Revenue Foregone statement: Reading between the lines

Revenue Foregone statement: Reading between the lines

Rohit Sinha

Rohit Sinha is a research scholar at the Centre for Economy & Development at the Observer Research Foundation, New Delhi.

With the Budget presented, the debate on revenue foregone by the government in the previous financial year has resumed once again. The statement of revenue foregone presented for the first time in 2006-07 union budget rightly deserves as much commendation for promoting better transparency in government finances, as a cause for bitter arguments in parliament on tax administration.

Tax expenditures or revenue foregone gives us a glimpse of the tax policy stance of the incumbent government. It gives us an idea of how tax concessions/relaxations/exemptions are conferred upon by the government on ‘preferred’ tax payers. Even though the absolute levels of taxation vary from year to year, depending on the political inclination of the government, these ‘tax expenditures’ are in one way or the other, hidden subsidies.

These hidden subsidies could be in the form of exemptions, special rates of tax, deductions on taxable income, rebates, tax deferment or tax credits. It is often argued that such implicit payments should appear as expenditure items in the Budget, and not on the receipt side as submitted currently. Some critics dispute that as long as tax expenditures are shown implicitly on the receipt side, their cost-benefit implications for the economy remain non-transparent. The impact of these outlays (tax expenditures) to the economy would be reflected more clearly if the same are categorized on the expenditure side.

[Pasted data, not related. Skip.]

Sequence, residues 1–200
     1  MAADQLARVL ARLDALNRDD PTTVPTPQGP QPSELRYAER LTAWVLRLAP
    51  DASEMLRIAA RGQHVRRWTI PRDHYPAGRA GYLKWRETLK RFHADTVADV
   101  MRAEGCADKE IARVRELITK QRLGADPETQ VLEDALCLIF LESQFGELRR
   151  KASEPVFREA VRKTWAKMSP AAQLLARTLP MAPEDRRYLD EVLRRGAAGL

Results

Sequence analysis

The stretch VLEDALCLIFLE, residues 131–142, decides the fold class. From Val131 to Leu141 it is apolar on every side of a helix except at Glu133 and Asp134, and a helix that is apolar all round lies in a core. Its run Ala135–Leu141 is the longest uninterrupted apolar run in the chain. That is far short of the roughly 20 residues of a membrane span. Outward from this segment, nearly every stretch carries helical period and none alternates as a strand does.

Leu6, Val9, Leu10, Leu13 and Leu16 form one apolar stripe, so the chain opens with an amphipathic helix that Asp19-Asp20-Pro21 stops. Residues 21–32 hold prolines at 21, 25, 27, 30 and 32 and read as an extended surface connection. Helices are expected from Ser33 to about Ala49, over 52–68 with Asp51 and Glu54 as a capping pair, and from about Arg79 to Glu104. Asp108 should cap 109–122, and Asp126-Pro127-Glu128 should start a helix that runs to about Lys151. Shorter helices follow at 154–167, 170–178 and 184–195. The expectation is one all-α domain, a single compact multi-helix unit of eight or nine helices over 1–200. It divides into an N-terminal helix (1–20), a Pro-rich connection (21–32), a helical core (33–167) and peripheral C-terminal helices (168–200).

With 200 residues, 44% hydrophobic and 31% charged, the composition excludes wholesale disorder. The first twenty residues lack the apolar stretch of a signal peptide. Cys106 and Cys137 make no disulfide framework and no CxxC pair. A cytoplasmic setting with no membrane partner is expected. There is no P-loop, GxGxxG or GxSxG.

Table 1: Overview of Revenue Foregone 2011-12 (in Rs. Crore)

Tax Type

Revenue Foregone

Aggregate Tax Collection

Revenue Foregone as a %age of Aggregate Tax Collection

Corporation Tax




Personal Income Tax




Excise Duty




Customs Duty








Source: Extracted from the Statement of Revenue Foregone and Annual Financial Statement, Union Budget 2013-14.

Compiling Table 1 from the latest budget figures released, one would find a very high percentage of ‘give-aways’ in proportion to the aggregate tax collection for the year 2011-12. Revenue foregone at 67.7% of the aggregate tax collection for the year 2011-12 is certainly a hefty number. Considering the fact that the government has largely failed to expand the tax base even after successive popular budgets, the Rs. 5.3 trillion of revenue foregone is not a comforting statistic. The provisional fiscal deficit for 2011-12 is Rs. 5.09 trillion.

A break-up of revenues foregone shows that the impression of over-generous allocation for deductions is not justified in all cases. Taking a look at each of the entries in Table 1, the smallest one, Personal Income Tax, would seem justified to most. The components under this entry include exemptions given on account of investments made by tax-payers in infrastructure bonds, donations made to charitable trusts and institutions, contributions to political parties, revenue foregone on account of higher exemption limit for women and senior citizens etc. This bracket would also include a tax credit of Rs. 2000, to every person who has a total income up to Rs. 5 lakh, proposed in the latest budget.